Ego cogito, ergo sum

A compodium of my published aritcles, features, etc. on technology, IT and everything else; sourced from CyberMedia publications, Financial Express, Free Press Journal, Nazara.com, etc……

Archive for May 2010

Open Vs Proprietary: The War is still On

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No sooner had I put up innocuous query on LinkedIn asking respondents whether open source is cheaper than proprietary software, responses to the same started flowing in. Experts and professionals from around the globe started debating the issue on the forum. Some were die-hard open source proponents arguing about all the good that is there in those lines of code written by the developer ilk. On the other hand, there were the pragmatists that argued against and prescribed more practical approach that could only be possible through the use of proprietary or as a few called it, closed systems.

The age old war between the two technologies, namely, open source and proprietary software is still very much on. Like the proverbial good versus evil clash, everyone was eager to paint the other as evil. Lost somewhere in translation is the real issue, namely which of the two is cheaper, secure, easier to maintain, etc. The question we really need to tackle is not a philosophical one, i.e., what is good or what is evil but simply which is preferable and which is not. So here is a primer on what is what.

Apples & oranges?

One of the issues that lot many experts often raise and rail about is when the two, namely open source and proprietary are comparable at all. ┬áThe way the two have emerged and evolved is the reason for it. While, open source has been around for many decades, thanks to the mainframe legacy, where in the computer belonged to the technologist. Hence, a breed of technologists emerged who believed in technology for the sake of technology. Meanwhile, the proprietary software, one can say is of recent emergence especially since the college dropouts Bill Gates and Paul Allen started peddling software developed by others for profit, and so was Microsoft and proprietary software born. Since, the past three decades, the war between the two has continued ever since. Read the rest of this entry »

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Written by Shashwat D.C.

May 13, 2010 at 6:05 pm

Why I delete more friends on FB, than adding new ones?

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One of the existential questions that I often grapple with these days is whether the friends on my Facebook List are my friends at all? In the sense, from time unknown, I have come to live the idea of a friend as someone whom you know and trust implicitly. A friend is someone you can wake in the middle of night because you have a nightmare and yet expect not to sleep till you have done so.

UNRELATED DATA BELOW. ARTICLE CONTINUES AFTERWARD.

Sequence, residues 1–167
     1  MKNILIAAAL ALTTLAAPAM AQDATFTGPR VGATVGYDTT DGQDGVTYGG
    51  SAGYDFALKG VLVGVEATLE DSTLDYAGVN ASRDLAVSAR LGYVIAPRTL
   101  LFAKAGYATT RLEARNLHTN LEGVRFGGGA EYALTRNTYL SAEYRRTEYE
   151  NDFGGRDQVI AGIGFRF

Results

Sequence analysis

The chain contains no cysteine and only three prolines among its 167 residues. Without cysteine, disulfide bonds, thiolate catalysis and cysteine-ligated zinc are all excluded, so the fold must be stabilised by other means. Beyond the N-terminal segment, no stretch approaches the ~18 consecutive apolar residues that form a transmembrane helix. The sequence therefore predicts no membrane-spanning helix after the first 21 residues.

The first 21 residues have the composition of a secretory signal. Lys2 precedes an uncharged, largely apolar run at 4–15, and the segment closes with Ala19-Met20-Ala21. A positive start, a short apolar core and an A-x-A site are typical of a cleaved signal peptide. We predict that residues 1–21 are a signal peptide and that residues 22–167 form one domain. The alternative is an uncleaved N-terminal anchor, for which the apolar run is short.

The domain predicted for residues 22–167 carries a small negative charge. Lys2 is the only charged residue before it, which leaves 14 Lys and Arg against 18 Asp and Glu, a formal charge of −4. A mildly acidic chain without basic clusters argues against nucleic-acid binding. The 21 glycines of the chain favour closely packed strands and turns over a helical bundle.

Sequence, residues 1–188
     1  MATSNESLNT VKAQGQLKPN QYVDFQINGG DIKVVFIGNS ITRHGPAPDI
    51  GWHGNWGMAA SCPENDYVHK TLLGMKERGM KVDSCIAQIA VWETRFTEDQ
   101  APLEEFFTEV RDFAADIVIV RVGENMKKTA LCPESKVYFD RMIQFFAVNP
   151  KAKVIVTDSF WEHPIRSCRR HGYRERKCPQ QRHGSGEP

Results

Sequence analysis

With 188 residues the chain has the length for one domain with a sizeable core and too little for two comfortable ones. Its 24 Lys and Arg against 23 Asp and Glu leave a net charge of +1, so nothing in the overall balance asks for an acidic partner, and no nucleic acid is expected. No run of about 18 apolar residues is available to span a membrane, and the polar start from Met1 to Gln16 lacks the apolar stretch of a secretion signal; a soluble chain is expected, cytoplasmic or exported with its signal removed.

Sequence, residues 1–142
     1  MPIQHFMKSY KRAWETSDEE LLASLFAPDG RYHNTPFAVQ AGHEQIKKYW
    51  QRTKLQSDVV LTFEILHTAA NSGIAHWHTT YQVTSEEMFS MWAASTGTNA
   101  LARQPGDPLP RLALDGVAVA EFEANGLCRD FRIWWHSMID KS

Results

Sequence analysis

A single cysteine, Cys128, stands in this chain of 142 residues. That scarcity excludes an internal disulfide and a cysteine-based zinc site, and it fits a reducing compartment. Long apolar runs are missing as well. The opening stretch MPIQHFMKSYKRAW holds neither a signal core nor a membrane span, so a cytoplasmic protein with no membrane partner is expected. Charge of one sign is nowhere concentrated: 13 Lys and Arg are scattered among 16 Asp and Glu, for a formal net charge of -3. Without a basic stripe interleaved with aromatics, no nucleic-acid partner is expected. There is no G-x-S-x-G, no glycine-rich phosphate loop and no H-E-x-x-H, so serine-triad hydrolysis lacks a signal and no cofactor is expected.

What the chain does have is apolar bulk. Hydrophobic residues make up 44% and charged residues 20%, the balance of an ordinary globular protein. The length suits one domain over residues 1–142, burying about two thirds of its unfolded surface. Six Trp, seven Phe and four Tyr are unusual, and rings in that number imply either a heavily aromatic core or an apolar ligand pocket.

And yet, the people on my FB, purportedly known as friends are anything but so. They are an assimilation of colleagues, contacts, acquaintances and so on. Over the past year or so, I have accumulated quite a handful of them, some 260 for a guy who can count just a handful in real life.

In the exuberance to spread my wings in the social space, I let my email accounts find friends for me and result is, today I have a whole lot of people I know little or none of. It was over the next few months or so of ‘wall’ interactions that I came to know more about them. And in the process, I also came to know much about myself as well. I came to realise that whatever I do, there are certain traits that I just can’t accept in my friends, real and purported ones.

So, over the last few months or so, I have been revisiting all my friends on Facebook, and taking a value-based judgement on a simple assertion: does the person add value to my wall or not. It was certainly not an easy task, but I persisted on it. The result has been that these days I am deleting more people from my list than adding new ones. In the same process, I have come to realise some of the things one should be doing and more importantly not doing on FB.

Thus, here are some pointers on “how to make friends on FB and keep them as friends”.

1) Don’t be a bloody show-off
Meeting Amitabh Bachchan tonight, will discuss his hernia. Flew executive class to Florida, the wine was good. Tired of globetrotting, need rest. Buying Armani feels good. 10 days to Honolulu.

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Written by Shashwat D.C.

May 6, 2010 at 7:12 pm